I think you might have inferred an answer, but didn't really answer. Is it worth it to delid? Yes, probably. Has the TIM been improved? No, not really (not soldered, all accounts are same material as on the 8700K.)It is just a binned 8700K. Nothing special about it aside from being clocked slightly higher. The 5GHz is for 1 core. I run my 8700K at 5GHz all cores and am in the 60's to low 70's while gaming with a 240mm AIO. Noise mostly comes from my 1080 ti.
It is the same but the paste had to have been different on the 7700k, actually sure it was stated. The 7700k will hit 90C even on an EK loop when trying to get a good OC out of them. I have built many systems on air with them without an OC and they hit 80s on a stress test but coffee lake is actually cooler than its less core count 7700k.Coffee Lake is Kaby Lake with more cores. It's the same architecture. Everyone's experience with thermals out of the box will be different. If your IHS makes poor contact with the die, you will have to delid if you want to overclock. That's why I insist on waiting because delidding might not be needed.
Try having both CPU's delidded and the pastes used compared between each one precisely. Only then can it be clear if there were differences in the paste used, or the quality of the manufacturing improved or not.There's imperfections in the manufacturing process. Your mileage may vary. Not sure how else to say it.
Be professional about it. I just went to buy insurance... It's not listed. https://click.intel.com/tuningplan/purchase-a-planIll get a 8086k this week sometime. Gonna delid it and see how high it can go
What is it you are saying here about gaps after delidding? What gap is larger?Whether or not a better paste is used doesn't matter if there's a larger gap between the die and IHS. Once you delid the processor, the manufacturing process doesn't matter anymore.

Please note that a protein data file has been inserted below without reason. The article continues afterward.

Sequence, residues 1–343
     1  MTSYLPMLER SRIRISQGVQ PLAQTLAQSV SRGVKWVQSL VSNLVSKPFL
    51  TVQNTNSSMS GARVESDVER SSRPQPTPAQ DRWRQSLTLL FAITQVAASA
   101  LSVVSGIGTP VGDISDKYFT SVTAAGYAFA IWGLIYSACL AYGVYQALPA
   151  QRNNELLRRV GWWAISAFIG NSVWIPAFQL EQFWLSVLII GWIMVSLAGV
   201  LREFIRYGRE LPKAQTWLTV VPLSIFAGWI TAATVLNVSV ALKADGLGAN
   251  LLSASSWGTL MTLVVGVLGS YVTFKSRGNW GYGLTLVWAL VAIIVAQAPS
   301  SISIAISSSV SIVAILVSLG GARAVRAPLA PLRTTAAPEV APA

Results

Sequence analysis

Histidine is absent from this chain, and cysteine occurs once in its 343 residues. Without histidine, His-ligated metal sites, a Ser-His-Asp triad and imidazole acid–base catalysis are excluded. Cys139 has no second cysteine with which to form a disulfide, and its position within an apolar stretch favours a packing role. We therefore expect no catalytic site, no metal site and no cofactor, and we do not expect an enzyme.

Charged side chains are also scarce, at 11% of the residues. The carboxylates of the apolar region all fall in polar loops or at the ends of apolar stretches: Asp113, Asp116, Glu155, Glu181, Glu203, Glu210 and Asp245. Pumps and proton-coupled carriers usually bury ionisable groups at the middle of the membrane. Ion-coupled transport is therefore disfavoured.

I'm beginning to think you have a reading comprehension problem. I didn't say anything about the gap after delidding, but the gap should be less after delidding. If the gap is larger after delidding, you're doing it wrong. If the gap is satisfactory out of the box, there's no need to delid.What is it you are saying here about gaps after delidding? What gap is larger?
Quoting you again "Whether or not a better paste is used doesn't matter if there's a larger gap between the die and IHS."I'm beginning to think you have a reading comprehension problem. I didn't say anything about the gap after delidding, but the gap should be less after delidding. If the gap is larger after delidding, you're doing it wrong. If the gap is satisfactory out of the box, there's no need to delid.
You have to build a decent loop to get lower temps than air.I've made a couple of videos which should help you.
The first explains the 8086K compared to the 8700K in terms of specs and manufacturing process....
The second show my results before and after delidding my 8700K (expect similar from an 8086K as its the same physical chip as the 8700K with the same thermal material).....
Based on my experience and the facts regarding 8086K, the chip on average appears to be reaching good clock speeds at relatively low voltages (think 5GHz on all cores at around 1.2Vcore).
Delidding could be the difference between being able to run your fans at a lower speed or not, but on air I wouldn't expect a significantly greater overclock as a result of delidding. On water it's a different story. Without delidding on water, you'll hit thermal limits before voltage limits.
My advice is run the chip without delidding first, see what it can do and if you're happy with the thermals, and make a decision from there.
I have another video showing how to delid if you decide to go down that path. It's a very easy process if you take your time....
I hope this helps /forum/images/smilies/smile.gif